Central Asia has a rich, interesting and often overlooked position in the world.
To most, it’s a collection of ‘istans’ somewhere Northwest of China and North East of Iran. In recent history the collection of countries was part of the Soviet Union and after independence the economies have struggled to develop in the face of oil market instability. China rapidly capitalised on that, and has had a growing relationship with the region since the conception of its ‘miracle’ economy since the beginning of the 1990’s.
Now, that relationship is rapidly changing. In conjunction with Central Asian countries they are looking to become a central hub for Euro-Asian trade. Unlike other areas of Belt and Road, China has been on the scene in Central Asia on a large scale even before Belt and Road. Since the 1990s Chinese investments in the region has multiplied a hundred fold and the results are fairly simple to see. Since 2002, Kazakhstan’s GDP has risen six fold.
Belt and Road is the biggest projection of Chinese development funds ever, and the consequences for Kazakhstan, the largest of the central Asian countries are numerous. For years, issues for investors in Kazakhstan was its near complete dependence on world markets. Perhaps this new link with China is going to provide greater reassurance for investors? The development of infrastructure paid for by the penny purse of the Peoples Republic of China is extending state control and reinsuring investors.
Roads, rail and pipelines will not only network the region together, but integrate Central Asia into the wider world.
How do we know this? Well, in terms of investment its clear enough for the Kazakhstani government to make the bold commitment to up beef exports from 4000 tonnes in 2017 to 60,000 tonnes in 2018. The majority of this is expected to go to China.
Growth in meat exports sounds rather irrelevant and more at home in a Cold War textbook rather than in commentary on global affairs, but it a demonstration of how Chinese investment is having an effect on Central Asian markets, given some scepticism by analysts because of restrictions some Central Asian countries have on employing foreign workers. China has a history of using its own workforce when it invests in a region, which seems to conflict with the way Central Asian politics now works.
But this deal works well for both parties. While can get their hands on Kazak imports, most notably fossil fuels, Kazakhstan along with other Central Asian countries are not only becoming stronger states, but are also able to offer a stronger attraction to investors, not simply from China, but across the globe.
We need look no further than Kazakhstan’s southerly neighbour. In Kyrgyzstan, a hydro-electric dam project has been recently taken up by a Czech company, when Russia failed to finance the project. There were also suggestions that the Chinese were going to pick up the bill, but that too fell through. Central Asian countries are increasingly reaping the benefit as a Eurasian hub and Chinese infrastructural investments are partly responsible.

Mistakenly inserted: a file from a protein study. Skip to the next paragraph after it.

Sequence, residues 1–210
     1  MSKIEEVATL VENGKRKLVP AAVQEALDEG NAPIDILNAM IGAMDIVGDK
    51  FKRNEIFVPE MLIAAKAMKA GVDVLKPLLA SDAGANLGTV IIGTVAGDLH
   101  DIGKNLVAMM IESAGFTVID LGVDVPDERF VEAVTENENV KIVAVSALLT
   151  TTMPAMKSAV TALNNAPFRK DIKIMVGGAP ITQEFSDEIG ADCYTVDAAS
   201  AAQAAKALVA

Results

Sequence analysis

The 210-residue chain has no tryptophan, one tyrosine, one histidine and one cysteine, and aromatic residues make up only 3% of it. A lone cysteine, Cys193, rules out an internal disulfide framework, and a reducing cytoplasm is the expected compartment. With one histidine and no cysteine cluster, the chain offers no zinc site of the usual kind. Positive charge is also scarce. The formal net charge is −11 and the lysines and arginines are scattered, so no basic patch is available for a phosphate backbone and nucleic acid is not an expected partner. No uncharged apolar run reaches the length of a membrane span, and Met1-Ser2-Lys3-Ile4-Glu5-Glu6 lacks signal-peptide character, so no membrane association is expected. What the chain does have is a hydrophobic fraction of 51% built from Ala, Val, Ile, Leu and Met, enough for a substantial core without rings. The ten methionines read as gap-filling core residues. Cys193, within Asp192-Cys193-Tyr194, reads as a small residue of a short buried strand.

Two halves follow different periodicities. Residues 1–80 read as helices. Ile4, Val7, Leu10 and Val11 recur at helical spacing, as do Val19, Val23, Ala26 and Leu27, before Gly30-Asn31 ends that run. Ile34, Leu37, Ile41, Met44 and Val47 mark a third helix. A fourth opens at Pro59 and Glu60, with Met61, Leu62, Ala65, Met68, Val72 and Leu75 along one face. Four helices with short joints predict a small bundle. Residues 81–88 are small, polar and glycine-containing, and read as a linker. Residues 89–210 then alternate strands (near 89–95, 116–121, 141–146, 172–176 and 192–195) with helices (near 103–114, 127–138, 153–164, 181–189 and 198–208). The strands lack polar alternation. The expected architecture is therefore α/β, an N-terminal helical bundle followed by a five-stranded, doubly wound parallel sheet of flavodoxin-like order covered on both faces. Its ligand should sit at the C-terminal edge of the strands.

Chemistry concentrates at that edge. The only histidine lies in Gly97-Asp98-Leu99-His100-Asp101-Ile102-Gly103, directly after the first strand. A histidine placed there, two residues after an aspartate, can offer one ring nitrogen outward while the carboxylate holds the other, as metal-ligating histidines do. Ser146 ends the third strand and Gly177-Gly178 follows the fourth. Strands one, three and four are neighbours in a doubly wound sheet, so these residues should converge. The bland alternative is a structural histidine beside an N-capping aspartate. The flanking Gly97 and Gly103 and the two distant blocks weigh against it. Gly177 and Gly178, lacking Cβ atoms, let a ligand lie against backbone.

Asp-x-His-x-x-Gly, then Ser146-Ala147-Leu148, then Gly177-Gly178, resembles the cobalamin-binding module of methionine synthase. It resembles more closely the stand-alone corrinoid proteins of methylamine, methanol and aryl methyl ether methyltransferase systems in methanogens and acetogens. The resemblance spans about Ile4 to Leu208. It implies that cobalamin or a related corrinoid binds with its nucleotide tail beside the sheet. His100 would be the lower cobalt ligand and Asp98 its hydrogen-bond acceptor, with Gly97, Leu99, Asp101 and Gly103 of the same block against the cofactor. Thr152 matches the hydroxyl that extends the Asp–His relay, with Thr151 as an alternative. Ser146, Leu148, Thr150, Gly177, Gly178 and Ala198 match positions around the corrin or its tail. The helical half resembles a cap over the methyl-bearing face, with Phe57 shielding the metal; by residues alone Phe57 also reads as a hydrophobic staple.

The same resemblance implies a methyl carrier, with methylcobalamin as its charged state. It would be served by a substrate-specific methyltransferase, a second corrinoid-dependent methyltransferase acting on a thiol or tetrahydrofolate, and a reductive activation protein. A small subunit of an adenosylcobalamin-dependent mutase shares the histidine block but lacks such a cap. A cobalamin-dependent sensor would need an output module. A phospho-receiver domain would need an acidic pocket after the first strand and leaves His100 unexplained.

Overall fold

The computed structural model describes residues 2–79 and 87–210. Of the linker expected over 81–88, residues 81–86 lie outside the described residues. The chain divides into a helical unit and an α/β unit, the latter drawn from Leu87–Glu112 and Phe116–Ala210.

Russia’s reaction too is peculiar. As a prime destination for gas exports in the face of Western sanctions, Russia doesn’t want to aggressively challenge China, but neither does it want to see the transference of a former soviet territory from its sphere of economic influence. As a result, we are seeing Russia have a more outward looking economic policy.
The Eurasian Economic Union is an agreement between Belarus, Russia and Kazakhstan initially in 2015, which aims to cut down customs tariffs in an imitation of the European Union. Why? Well we should not ignore that Russia still wants to retain influence in the region, but for Central Asia this all means a greater influx of investment and the growth of State power.
If we look at the region in terms of global politics, Central Asia is a developing fault line between three great civilisations: China, Islam and Russia. The development of infrastructure is only going to increase interactions, with unknown results.
For Central Asia, it means they are seeing the benefits of integration and the region itself is becoming of greater importance on the geo-political scene. For Belt and Road, this region is one often overlooked due to the struggle of rail freight transport. More often, commentators look to water developments, or how Belt and Road will impact the West as it reaches Europe.
The rapid development of this region as a fault line between three civilisations and the growth of state infrastructure and tax revenue as a result of foreign investment should be given greater importance in the analysis of Chinas global power projections, or simply as an interesting analysis of the growth of states.
This region already is becoming a new front in the growth of Chinese power.
Central Asia is no longer going to be seen as a vast Steppe of Irrelevant ‘Istans’, but part of something bigger.